10 of the best water sensory play activities for kids these school holidays
We know it's always hot in Australia's summer. With the kids home, many parents are asking - "how to entertain my kids at home these school holidays? Water play is a free and easy activity you can do at home these summer school holidays to keep your kids active, healthy and happy.
What are the benefits of water play for kids?
- Water play keeps your children cool and prevents their little bodies from over heating on hot days
- Water play helps develop your child's gross motor skills - splashing, swimming, paddling, filling buckets of water and carrying them all require physical activity, strength and movement - helping your kids stay active, fit and healthy.
- Water play helps develop fine motor skills. Actions such as pouring water into different jugs or pots, turning taps on and using equipment such as scoops and spades all help them develop their fine motor skills.
- Water has a calming, therapeutic effect on children. Gentle water play activities such as pouring water into different containers and running your hands through water has been scientifically proven as a calming activity. Quietly playing with water can be a mindful, relaxing experience for your child and is a great way for your kids to have some sensory 'chill out' time.
Here are 10 of our best tried and tested sensory water play activities you can DIY at home:
1. Water pouring activity station
Place a variety of different shaped tubs, containers and cups into a large container, water table or tray. Fill some of the containers with water and let your child practice pouring water from one container into another. This is great for their fine motor skills and also lots of fun. To up the anti of the sensory play - add a few drops of food colouring to create coloured water, or use two primary colours such as yellow and blue to show how they can work together to make an entirely new colour (did someone say science experiment?!)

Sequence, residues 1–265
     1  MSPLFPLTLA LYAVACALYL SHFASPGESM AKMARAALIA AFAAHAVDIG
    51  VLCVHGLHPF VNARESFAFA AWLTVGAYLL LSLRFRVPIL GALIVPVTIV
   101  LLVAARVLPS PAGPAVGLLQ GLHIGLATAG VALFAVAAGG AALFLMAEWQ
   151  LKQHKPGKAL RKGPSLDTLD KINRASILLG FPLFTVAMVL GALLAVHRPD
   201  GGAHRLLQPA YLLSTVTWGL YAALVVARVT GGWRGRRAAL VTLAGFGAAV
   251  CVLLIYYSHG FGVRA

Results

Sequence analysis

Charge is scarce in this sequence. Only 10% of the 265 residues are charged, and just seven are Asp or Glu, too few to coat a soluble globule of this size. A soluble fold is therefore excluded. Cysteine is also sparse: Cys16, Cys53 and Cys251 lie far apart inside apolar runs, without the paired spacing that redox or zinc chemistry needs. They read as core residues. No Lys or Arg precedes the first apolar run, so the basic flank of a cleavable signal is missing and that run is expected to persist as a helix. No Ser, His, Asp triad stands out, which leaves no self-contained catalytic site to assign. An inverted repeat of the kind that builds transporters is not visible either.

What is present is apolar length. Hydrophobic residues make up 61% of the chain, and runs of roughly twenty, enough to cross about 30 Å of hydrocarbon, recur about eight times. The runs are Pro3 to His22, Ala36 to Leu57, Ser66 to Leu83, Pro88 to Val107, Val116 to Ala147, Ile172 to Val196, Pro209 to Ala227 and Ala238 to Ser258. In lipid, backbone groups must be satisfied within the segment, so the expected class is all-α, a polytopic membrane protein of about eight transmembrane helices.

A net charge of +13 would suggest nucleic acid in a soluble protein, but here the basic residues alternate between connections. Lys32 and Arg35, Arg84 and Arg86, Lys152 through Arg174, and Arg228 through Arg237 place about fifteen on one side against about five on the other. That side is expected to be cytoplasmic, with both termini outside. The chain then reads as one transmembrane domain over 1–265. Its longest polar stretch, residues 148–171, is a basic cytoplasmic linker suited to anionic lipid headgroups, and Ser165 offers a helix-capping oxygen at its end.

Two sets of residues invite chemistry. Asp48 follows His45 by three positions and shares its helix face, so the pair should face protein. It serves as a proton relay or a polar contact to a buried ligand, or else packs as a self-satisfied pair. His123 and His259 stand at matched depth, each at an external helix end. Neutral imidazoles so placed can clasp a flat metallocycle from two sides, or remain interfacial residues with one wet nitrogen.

2. DIY sensory bubble foam
Bubble foam is always a crowd favourite with my kids. In a large bowl or container, add a few drops of food colouring, a large squirt of dishwashing liquid and 1/4 cup of water. Using an electric mixer, beat the water until it forms foamy peaks - similar to that if you were beating eggs for meringues.
Add the foam to your kids sensory water play experience. To level up the sensory experience - add a few drops of essential oils such as mandarin or lavender to create a sensory scented smell to your kids water play fun.
3.Sand and water play.
If you don't have access to the beach, mixing sand and water play is an excellent sensory experience for kids you can do it home. Not only is it fun and messy, but also provides an opportunity for imaginative play such as building sand castles and roads. Provide your child with a variety of tools from your kitchen and beach set (such as scoops, rakes and buckets) to allow for lots of sensory exploratory play. You don't require a sand and water table (if you have one, great!) - any large container or tub will do.
4. Frozen sensory ice cube play